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Incontinentia Pigmenti (cont.)

Incontinentia Pigmenti Symptoms

Eye abnormalities are present in about one-third of all people with incontinentia pigmenti (IP). They include disorders of the lens, optic nerve, retina, and muscles of the eyes. Approximately one-third of girls with IP have a turned eye. These girls should be examined by an ophthalmologist (a doctor who specializes in treating conditions of the eye) to help prevent more serious visual problems.

Most people with IP have normal vision, but some have a problem with the blood vessels in the back of the eye (retina). If this occurs, it usually only causes a problem with one eye. Girls with IP should have their eyes checked as soon as IP is diagnosed and then each month for the following few months. Afterward, their eyes should be checked every three months for their first year of life.

The retinal abnormalities in IP are due to the blockage of small blood vessels in the retina. This is similar, in some respects, to the retinal disorder that affects some premature newborns, although babies with IP are not usually born prematurely. These retinal abnormalities can lead to detached retinas and bleeding into the eye.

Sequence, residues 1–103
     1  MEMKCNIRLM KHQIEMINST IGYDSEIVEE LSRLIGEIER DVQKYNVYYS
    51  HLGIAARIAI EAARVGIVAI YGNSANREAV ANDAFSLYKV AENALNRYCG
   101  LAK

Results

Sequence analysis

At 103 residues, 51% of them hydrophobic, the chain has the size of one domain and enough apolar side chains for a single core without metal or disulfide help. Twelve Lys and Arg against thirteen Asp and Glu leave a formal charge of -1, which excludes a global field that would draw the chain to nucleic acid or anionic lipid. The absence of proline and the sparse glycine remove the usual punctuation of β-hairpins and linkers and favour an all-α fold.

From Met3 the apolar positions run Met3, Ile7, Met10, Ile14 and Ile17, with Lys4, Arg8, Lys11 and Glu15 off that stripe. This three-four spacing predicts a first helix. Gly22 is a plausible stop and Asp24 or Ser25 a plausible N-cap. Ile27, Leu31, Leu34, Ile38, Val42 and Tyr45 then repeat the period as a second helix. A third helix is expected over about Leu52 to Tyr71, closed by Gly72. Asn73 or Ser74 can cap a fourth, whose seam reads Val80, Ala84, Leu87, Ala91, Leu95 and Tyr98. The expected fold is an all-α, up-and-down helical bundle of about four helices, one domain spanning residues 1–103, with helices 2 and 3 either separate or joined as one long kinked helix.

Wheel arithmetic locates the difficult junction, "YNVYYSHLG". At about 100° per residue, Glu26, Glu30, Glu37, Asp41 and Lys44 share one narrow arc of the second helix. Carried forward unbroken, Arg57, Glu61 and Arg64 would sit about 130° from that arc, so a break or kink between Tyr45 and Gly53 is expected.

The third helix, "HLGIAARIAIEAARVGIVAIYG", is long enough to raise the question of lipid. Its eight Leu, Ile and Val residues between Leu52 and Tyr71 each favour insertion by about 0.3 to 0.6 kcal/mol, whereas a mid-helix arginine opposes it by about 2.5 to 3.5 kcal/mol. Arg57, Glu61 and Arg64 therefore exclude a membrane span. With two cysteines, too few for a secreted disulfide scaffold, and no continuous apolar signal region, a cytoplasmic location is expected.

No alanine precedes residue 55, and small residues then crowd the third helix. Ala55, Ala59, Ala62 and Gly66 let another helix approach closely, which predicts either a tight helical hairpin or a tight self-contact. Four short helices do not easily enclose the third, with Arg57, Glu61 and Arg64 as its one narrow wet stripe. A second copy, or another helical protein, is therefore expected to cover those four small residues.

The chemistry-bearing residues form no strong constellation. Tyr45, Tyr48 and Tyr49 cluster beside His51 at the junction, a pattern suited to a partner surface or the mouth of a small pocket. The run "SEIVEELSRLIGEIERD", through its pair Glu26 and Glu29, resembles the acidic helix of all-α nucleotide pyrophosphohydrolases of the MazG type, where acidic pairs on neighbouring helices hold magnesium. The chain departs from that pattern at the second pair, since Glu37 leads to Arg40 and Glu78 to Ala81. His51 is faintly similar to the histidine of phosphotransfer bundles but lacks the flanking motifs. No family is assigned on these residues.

This blockage of small blood vessels also affects the brain, potentially causing seizures and other neurologic disorders. People with retinal disorders that result from IP are more likely to have brain disorders, and babies with brain abnormalities are more likely to have the retinal abnormalities of IP. These brain and eye abnormalities may not be present or recognizable at birth but may develop, sometimes rapidly, over the first few weeks of life.

Medically Reviewed by a Doctor on 2/1/2016

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Incontinentia Pigmenti »

Incontinentia pigmenti (IP) is an X-linked dominant neurocutaneous syndrome with cutaneous, neurologic, ophthalmologic, and dental manifestations.

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